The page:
When historians come to write the story on the global pandemic, there will be plenty of odd footnotes to the two years of drudgery, misery and unnecessary death that we’ve endured. One of them will be the way that a simple requirement, like mass testing of the population to track the prevalence of the spread of Covid-19, became nearly impossible thanks to supply shortages.
But one Twitter account, UK @LFT_alert, has been helping Britons stay safe and protect others by knowing whether they’re Covid-positive before seeing family and friends, by letting them know when stocks of lateral flow tests are ready to cop through the government’s website.
The shortage of available tests has been one of the embarrassments of the pandemic – and the frustration that people feel in being unable to access a pack of seven free tests is something most us have felt at some point since the government launched its mass testing programme in April 2021. It’s a frustration that Dave McNally, 49, also felt when shortages were at their most acute between Christmas 2021 and New Year 2022.
McNally is a computer programmer and self-professed “data nerd”. “It was out of personal frustration that I set up the bot,” he says in a rare interview. He had followed in the footsteps of many Brits, patiently filling out his details on the government’s online booking form for lateral flow tests, only to reach the end and find out that there were none available. To save some time, he wrote a bot that would test the system, filling out the data quickly in order to reach the end of the process – when the check of stocks took place – more efficiently and before filling in the entire form.
“I thought I might as well spend the two hours it took me to write something that would check this, and make it useful for a lot of people,” he says. He set up the Twitter account in early 2022 – co-opting a prior account he had used for something else – and let it run wild.
Things started small, but grew quickly. Now, 12,000 people follow the bot, which tweets when a new batch of tests are available to order through the government website. “It’s become a bit like PlayStation availability,” says McNally. The bot’s tweets have been a lifeline for many people, and McNally isn’t surprised that the account took off in popularity. “I know a lot of people who have been taking it very seriously, doing testing like we were told,” he says. “It just seemed like a useful tool, and lots of people thought the same too.”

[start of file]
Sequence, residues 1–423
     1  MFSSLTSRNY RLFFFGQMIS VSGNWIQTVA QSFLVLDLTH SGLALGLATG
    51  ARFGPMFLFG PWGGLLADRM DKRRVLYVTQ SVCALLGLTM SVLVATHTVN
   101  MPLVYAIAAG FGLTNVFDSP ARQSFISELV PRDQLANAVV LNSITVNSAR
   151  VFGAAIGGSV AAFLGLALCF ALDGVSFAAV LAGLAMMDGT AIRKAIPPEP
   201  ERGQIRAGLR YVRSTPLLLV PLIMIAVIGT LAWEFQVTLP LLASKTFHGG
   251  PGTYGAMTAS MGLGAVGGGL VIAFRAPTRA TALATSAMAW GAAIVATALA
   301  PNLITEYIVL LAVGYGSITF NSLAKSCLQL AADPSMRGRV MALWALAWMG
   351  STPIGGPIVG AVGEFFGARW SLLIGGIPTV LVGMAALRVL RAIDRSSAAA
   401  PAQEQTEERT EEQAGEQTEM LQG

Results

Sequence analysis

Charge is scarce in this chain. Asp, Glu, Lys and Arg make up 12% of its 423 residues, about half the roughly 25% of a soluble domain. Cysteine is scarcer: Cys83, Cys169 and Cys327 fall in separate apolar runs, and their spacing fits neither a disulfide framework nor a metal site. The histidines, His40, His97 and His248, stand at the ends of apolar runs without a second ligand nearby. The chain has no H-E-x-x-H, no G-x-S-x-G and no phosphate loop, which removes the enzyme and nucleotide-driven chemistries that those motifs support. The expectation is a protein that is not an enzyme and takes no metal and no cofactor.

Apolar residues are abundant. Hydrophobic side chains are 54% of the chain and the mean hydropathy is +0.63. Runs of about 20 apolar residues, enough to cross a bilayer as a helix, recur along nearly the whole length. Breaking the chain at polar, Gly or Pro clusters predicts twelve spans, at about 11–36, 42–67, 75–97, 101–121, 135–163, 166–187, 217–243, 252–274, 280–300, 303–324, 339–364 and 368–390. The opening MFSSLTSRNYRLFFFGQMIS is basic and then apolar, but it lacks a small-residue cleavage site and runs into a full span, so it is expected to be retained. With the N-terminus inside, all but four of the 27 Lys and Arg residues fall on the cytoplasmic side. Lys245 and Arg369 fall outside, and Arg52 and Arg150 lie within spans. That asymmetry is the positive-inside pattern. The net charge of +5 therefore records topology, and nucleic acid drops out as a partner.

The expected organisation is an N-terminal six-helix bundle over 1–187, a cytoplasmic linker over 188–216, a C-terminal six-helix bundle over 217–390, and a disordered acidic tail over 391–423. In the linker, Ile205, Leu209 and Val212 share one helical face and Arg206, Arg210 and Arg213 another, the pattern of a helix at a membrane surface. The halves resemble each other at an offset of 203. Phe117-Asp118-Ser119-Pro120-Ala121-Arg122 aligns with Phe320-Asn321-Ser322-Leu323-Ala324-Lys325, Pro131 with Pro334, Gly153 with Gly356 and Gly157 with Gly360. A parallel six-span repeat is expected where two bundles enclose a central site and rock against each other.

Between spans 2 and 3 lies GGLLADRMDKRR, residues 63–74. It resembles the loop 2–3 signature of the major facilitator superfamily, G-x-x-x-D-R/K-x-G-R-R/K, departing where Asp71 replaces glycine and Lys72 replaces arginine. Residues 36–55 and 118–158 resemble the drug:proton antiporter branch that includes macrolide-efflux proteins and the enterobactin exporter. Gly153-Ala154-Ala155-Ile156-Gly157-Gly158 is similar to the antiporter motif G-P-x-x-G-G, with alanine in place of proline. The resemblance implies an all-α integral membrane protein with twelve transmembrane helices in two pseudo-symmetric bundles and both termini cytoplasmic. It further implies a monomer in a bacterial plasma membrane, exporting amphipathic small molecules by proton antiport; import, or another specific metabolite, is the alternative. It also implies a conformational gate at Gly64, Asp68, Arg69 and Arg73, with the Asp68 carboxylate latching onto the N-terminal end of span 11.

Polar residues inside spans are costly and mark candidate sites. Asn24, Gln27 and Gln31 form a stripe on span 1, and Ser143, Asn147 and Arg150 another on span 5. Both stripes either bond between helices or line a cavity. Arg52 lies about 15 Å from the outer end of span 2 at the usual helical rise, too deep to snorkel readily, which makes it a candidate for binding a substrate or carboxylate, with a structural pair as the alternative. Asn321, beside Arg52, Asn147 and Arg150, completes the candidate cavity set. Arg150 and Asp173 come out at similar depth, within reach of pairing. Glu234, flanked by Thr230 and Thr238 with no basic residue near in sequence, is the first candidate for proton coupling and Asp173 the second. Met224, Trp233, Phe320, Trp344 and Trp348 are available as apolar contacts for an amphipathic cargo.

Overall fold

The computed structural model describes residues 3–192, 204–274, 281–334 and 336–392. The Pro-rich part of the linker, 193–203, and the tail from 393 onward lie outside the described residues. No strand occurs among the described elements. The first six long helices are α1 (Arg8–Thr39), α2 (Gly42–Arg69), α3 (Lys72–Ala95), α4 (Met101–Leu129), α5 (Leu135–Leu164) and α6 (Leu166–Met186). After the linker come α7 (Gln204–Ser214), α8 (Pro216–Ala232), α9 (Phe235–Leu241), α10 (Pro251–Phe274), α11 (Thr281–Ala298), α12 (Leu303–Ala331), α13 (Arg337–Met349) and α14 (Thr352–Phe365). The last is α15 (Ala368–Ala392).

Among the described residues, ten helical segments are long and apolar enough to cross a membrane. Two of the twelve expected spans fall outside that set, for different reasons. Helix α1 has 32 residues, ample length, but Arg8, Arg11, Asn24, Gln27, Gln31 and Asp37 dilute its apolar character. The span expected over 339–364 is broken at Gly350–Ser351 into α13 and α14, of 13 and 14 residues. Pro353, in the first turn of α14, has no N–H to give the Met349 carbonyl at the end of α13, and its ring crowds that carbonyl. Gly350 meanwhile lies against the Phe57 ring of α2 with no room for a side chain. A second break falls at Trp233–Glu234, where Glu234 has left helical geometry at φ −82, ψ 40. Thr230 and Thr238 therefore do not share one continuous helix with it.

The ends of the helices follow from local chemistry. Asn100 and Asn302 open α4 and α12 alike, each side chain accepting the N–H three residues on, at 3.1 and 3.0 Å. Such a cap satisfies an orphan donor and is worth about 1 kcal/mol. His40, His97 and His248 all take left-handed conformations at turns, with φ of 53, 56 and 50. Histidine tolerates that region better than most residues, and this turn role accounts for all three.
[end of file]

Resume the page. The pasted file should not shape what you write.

The account has now gained cult-like status, with users joking that their searches for games consoles and high-level graphics cards were simply preparation for finding available lateral flow tests. It typified the whole pandemic for Sayem Ahmed, a journalist who found @LFT_alert a must-follow at the height of the test shortage. “Over the pandemic, anything of note with some sort of relative hype just sold out immediately,” he says. “When the guys who run bots and hoover up sneakers cottoned onto this with graphics cards used in crypto mining, something like the RTX 3080 sold out in seconds.”
Ahmed expected that he’d have to sign up to Discord servers or follow Twitter accounts for those big-ticket items. “But I never really imagined that I’d have to do the same just to get a Covid test,” he says.
The market conditions usually reserved for graphics cards and PS5s repeated itself with testing: “low supply and high demand meant that whenever I wanted to get one, they were always ‘unavailable for delivery’,” Ahmed says. “Frustratingly, it’d tell you this at the end of the process, [when I’d] put all my data into the government website.” The account became a must-visit for Ahmed. “A couple months on, and it’s the only Twitter account that I have notifications on for, and I generally only order them in moderation, even if I know they might be available,” he says. “Honestly, if I was the average person trying to get a pack of tests and didn’t know about it, I’d be tearing my hair out.”
That frustration is one McNally shares, with the bot’s creator believing there shouldn’t be a need for @LFT_alert. “No one needs to be following a Twitter bot to order LFTs,” he laughs. “It’s just ridiculous that this needs to exist.”
His bot managed to uncover patterns for when tests were released to the public, which allowed him to advise those struggling to secure tests for themselves and family when to log on to get the best chance of success – which was just after 7am and 8pm, on any given day.
McNally’s bot’s days are numbered, though. The English government announced on 21st February it would be ending free access to lateral flow tests for everyone other than over-75s and those with weakened immune systems on 1st April – though Portsmouth City Council has said it will continue to offer tests until the end of June independently. The Scottish, Welsh and Northern Irish administrations have different dates, too: Scotland is bringing an end to tests on 18th April, Wales is promising free tests until June, and Northern Ireland is uncertain when it will end its policy.
McNally jokes that he may keep the bot running in order to check on Scotland’s test levels – but they rarely run out, unlike the English stocks. But he largely just wishes that the bot didn’t need to exist in the first place, and that people could have access to free tests whenever they wanted – or at least didn’t have to go through the entire process of form filling to be told there were none going. “The stock thing needed to [happen] at the beginning of the process,” he says when asked how the UK government could have done things better.